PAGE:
What if Life is Wiser Than You?

Success, failure and trying are the topics for discussion here.  But there’s a deeper issue.

I think it’s time for another story.

Four years before I was born, my oldest sister died of leukemia.   She was eight.

I was born into a family with History.  And a very different perspective than probably most of yours.   Adding to that History and that Perspective,  a year after Patty died, my sister Eileen was born.  She had Down Syndrome.

Now, when you ask just about any expectant parent if they want a boy or a girl, most of them will smile and say “I don’t care, just so long as the baby’s healthy.”  Meaning not just born without a cold, but with all the fingers and toes in the right place, the requisite number of chromosomes and not one more.  Which is as it should be.  We want our children to get the best start in life.  We wouldn’t wish extra challenges or disabilities on anyone.

And yet.

And yet I am the person I am today because I was lucky enough to have Eileen for my sister.  She taught me compassion and joy and the importance of a really great pair of shoes.  I learned different definitions of success and failure from her.  I learned not to hold back my joy or my affection.

She had an ability to focus on the good that still takes my breath away.

Life was not easy for Eileen.  People are not always kind.  But she scolded the people who needed scolding, ignored those who were not worth her time and loved the rest of us fiercely and well.

A child with a disability is not what any parent would choose.  We would avoid that, as we would avoid illness and unemployment.  We plan for our interpretation of the best and call it a success when we get there.

And yet.

And yet it’s the times that life sandbags us that we see what we can truly become.  Or what others can truly become for us.  It’s the wabi-sabi people with their wabi-sabi lives who make this a world worth living in.

I would never choose those moments of crisis and grief.  No one would.  You make plans for happy Christmas dinners and great vacations, not gathering the family in hospital corridors or down at the police station.

And yet.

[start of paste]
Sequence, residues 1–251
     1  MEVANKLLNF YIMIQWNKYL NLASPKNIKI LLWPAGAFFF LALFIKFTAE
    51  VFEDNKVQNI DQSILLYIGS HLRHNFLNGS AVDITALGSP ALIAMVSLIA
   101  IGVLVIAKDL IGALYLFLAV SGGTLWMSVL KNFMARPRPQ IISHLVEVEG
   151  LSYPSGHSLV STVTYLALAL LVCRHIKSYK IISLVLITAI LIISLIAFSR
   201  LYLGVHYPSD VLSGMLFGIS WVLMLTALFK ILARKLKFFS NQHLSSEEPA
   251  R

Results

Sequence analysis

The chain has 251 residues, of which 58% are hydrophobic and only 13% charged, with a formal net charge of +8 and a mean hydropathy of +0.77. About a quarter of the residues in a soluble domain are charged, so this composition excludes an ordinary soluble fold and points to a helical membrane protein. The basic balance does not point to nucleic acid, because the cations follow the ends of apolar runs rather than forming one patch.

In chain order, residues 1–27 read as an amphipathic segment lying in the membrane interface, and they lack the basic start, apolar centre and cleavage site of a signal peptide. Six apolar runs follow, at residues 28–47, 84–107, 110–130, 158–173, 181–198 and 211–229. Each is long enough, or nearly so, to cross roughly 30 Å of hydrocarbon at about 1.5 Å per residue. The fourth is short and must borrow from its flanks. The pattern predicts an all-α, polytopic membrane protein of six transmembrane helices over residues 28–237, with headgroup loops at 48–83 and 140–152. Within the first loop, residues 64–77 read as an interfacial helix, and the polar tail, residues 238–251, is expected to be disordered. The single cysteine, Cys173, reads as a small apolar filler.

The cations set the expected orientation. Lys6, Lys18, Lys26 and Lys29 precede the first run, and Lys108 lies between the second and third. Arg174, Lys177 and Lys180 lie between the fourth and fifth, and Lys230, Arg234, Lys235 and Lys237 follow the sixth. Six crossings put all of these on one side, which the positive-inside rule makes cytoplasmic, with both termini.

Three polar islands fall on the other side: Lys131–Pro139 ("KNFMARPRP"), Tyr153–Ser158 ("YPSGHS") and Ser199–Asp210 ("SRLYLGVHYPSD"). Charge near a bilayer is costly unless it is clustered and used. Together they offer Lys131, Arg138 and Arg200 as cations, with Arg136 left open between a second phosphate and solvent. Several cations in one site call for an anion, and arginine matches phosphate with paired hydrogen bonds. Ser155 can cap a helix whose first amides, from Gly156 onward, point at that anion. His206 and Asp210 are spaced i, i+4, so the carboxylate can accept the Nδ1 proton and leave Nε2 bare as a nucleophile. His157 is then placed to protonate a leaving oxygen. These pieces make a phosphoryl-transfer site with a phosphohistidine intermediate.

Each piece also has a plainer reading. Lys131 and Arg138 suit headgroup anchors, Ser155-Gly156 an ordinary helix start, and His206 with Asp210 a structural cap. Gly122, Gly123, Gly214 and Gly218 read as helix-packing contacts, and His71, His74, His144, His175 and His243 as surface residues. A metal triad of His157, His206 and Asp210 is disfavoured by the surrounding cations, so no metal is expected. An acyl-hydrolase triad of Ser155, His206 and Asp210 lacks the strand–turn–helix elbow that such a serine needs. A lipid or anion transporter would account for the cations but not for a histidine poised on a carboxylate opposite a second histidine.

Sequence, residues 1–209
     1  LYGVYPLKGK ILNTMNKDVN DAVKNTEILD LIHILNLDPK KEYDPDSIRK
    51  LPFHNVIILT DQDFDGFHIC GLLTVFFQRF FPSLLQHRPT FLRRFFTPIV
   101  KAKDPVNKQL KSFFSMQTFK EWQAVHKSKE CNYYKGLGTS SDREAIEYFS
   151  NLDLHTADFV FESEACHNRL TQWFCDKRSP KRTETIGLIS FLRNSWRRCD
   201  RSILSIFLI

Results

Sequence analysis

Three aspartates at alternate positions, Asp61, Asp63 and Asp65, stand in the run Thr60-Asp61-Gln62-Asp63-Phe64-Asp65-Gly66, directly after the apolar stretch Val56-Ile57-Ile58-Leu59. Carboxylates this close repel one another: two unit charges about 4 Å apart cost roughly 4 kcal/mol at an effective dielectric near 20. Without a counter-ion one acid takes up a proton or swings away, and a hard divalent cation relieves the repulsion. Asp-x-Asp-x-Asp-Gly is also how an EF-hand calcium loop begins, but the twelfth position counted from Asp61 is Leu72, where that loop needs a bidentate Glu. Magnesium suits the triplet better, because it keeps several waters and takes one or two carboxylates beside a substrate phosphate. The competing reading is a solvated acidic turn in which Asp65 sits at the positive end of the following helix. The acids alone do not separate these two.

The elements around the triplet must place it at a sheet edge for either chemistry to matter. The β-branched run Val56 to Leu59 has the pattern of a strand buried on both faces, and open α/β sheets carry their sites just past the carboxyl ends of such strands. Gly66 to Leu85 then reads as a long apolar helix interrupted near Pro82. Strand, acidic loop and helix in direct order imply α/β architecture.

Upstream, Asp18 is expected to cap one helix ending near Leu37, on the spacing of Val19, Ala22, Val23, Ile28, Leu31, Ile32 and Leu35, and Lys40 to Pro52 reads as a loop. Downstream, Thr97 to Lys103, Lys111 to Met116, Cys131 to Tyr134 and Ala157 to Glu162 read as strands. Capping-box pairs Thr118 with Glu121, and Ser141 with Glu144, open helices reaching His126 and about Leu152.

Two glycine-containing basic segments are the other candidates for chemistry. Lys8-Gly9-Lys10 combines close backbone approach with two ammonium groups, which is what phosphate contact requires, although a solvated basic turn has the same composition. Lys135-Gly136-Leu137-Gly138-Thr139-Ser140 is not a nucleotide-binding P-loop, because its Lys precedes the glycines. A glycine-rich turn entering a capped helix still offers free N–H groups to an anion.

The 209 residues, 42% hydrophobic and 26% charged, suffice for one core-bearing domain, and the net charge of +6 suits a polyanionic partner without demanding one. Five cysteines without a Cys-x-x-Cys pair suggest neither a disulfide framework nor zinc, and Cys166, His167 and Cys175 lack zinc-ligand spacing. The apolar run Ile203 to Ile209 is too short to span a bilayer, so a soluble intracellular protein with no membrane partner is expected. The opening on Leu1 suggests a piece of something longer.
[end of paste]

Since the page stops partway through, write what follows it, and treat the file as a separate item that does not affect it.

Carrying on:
And yet without these moments we are nothing.  We are merely successes.

It’s not that I don’t make plans, that I don’t try to move my life in directions that seem like a  good idea to me.  I apply for good jobs.  This week alone, I’ve been a job-applying machine.  And if any one of those tantalizing possibilities works out, then yay me!  There are times when I can rock a To Do list with the best of them.

Making plans and getting things done are fine, are great.  They’re what you do to fill the time between the really big adventures.  But life sends you opportunities, moments that strip away your defences and your successes, that leave you wide open and heart-broken and amazed.  And it seems to me the height of arrogance to think that my plans, my ideas for how life should be are wiser than that,  are wise enough to rely on.

Eileen died thirteen years ago.  Not a day goes by that I don’t think of her and miss her.  I’m still learning the lessons that she taught me.  And she is probably why I cannot ever fully get behind any kind of lifestyle design/productivity/reach for the stars stuff.  People say that your life is of your making and I hear Eileen’s gleeful snort of laughter.

Yes, you CAN build your ideal life, but no matter how big your dreams, I think it will still be a small life. You can ask: what do I want my life to be?   But what if life is wiser than you?


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13 Responses to What if Life is Wiser Than You?

  1. heidi says: